Donald Clarke

Whingeing about cinema and real life since 2009

Is Disney turning a setback into a crisis?

It certainly looks that way. Last Friday it emerged that Rich Ross had resigned as head of Walt Disney Studios. The move seems to have been triggered by the high-profile failure of Andrew Stanton’s flatulent space opera John Carter. As …

Mon, Apr 23, 2012, 22:52

   

It certainly looks that way. Last Friday it emerged that Rich Ross had resigned as head of Walt Disney Studios. The move seems to have been triggered by the high-profile failure of Andrew Stanton’s flatulent space opera John Carter. As you will be aware, panic had set in some months before the film was released and its underperformance at the US box-office appeared to confirm all the gloomy prognostications. The film has, at time of writing, made a paltry $69 million in its domestic run. It is still possible that, as Disney prematurely announced, it could lose as much as $200 million when all the sums are tidied up. If that were the case then it would stand as the biggest box-office failure of all time.

I don’t know what you’re grinning about, mate.

That said, you have to feel a little sorry for Mr Ross (as sorry as you can manage for a multi-millionaire). John Carter has actually done passably well outside the United States. With $200 million in its rest-of-world ledger, the picture didn’t exactly flop in the old countries.

The skinny out there in the alleys suggests that Ross, who emerged from Disney’s TV wing, didn’t have the stature to rein in Stanton. You can understand his position. Stanton, director of Finding Nemo, had made Disney millions. If some bloke off the telly had told him to pull back from the cliff, he might very well have politely told that executive where to shove it. After all, before release, the word on Titanic was entirely negative and that didn’t turn out too badly.

There were other notable failures during Ross’s reign. You have probably barely heard of something called Prom. Well, that’s the point. The teen flick was supposed to finesse Glee’s success into a mainstream movie hit, but it bombed pathetically on release. Mutterings began that this was yet another example of TV thinking. Nobody could blame him for the relative underperformance of Cars 2. The entire Red Army would have failed to stop John Lasseter pursuing that project. (And let’s not forget that it was still the 10th biggest film of 2011.)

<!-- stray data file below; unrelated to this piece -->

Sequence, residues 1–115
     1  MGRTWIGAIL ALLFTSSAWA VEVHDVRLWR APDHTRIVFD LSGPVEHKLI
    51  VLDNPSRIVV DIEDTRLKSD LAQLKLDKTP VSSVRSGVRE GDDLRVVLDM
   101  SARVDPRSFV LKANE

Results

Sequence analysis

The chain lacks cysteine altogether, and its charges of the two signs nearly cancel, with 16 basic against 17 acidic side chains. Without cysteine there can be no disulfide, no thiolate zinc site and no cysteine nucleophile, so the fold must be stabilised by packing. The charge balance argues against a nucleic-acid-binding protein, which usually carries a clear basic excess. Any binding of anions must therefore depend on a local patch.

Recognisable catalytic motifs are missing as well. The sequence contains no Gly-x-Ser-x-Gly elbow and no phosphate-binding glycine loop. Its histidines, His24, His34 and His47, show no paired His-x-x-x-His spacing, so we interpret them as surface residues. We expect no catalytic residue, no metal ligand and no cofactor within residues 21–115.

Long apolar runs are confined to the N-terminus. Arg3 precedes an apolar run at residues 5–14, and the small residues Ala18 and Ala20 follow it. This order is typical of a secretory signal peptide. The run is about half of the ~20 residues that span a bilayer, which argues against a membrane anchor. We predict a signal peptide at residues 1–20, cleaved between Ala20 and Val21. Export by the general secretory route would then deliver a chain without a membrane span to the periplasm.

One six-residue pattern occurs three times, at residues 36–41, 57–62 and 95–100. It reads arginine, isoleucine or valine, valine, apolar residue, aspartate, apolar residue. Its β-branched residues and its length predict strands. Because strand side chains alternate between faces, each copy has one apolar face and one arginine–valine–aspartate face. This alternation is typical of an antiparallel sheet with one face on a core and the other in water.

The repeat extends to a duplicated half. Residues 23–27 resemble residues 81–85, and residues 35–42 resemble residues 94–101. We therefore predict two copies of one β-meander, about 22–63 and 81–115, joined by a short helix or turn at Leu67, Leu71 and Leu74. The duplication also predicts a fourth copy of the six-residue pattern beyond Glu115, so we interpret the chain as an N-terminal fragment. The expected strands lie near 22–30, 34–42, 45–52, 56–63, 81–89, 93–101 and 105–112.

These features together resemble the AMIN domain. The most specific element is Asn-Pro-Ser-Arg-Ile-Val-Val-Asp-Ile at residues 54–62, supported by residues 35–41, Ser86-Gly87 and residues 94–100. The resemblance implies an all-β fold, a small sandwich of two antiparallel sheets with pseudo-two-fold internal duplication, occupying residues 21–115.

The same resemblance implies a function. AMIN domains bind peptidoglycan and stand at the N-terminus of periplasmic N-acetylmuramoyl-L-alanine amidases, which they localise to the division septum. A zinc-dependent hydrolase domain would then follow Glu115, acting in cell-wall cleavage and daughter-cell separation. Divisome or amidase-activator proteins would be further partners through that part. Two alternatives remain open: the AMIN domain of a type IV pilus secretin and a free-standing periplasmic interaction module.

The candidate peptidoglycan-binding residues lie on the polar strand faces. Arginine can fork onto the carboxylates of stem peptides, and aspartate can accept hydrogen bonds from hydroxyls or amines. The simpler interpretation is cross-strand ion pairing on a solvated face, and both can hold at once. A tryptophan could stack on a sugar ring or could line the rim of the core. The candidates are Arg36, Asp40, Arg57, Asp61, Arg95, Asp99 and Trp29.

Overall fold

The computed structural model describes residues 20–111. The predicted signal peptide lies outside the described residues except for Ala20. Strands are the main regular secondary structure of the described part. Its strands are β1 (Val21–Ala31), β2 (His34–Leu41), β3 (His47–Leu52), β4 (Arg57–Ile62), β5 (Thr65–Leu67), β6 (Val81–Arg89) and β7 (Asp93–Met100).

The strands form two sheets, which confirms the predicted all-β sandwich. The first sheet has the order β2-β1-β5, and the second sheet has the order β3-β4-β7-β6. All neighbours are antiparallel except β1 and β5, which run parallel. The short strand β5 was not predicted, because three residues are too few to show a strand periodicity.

Conversely, he can hardly take any credit for the enormous, baffling success of Pirates of the Caribbean: On Blander Tides. A monkey in a hat could have ushered that unlovely product to its jaw-dropping $1 billion.

What really strikes one about the news is that comes a week before — barring an extraordinary catastrophe — Disney is set to have an enormous hit with Marvel Avengers Assemble (or whatever it’s called today). “Ah yes,” I hear you say. “But that film springs from a deal done with Marvel several year ago. Mr Rich was not really a player.” But here’s the thing. As the mainstream currently stands, it’s hard to see what influence any CEO can have over future profits. Every film in the top 10 from 2011 counts as some sort of sequel. All the executive had to do was press the green-button on part four, five or six. That monkey in the hat, if so challenged, would have no problem accumulating a whole truckload of bonus bananas. The only film in the list whose creation involved any sort of risk was The Muppets. Guess who distributed that film? A clue: their logo features a fairy and a magical castle.

The Ross story just demonstrates that, when something goes wrong at a movie studio, a ritual head must roll, whether or not its former owner was responsible in any meaningful way. At least, the poor bloke was willing to take a risk on something that wasn’t a blasted sequel.

Anyway, if your monkey is interested in being paid a squillion dollars to press a big green button, Disney are currently looking for a new studio head. Pixar’s Brave could still be huge. The Avengers can’t fail. If Coco sits quietly in his cage he could, by year’s end, find himself praised as a genius to rival Irving Thalberg or Jack Warner.

 

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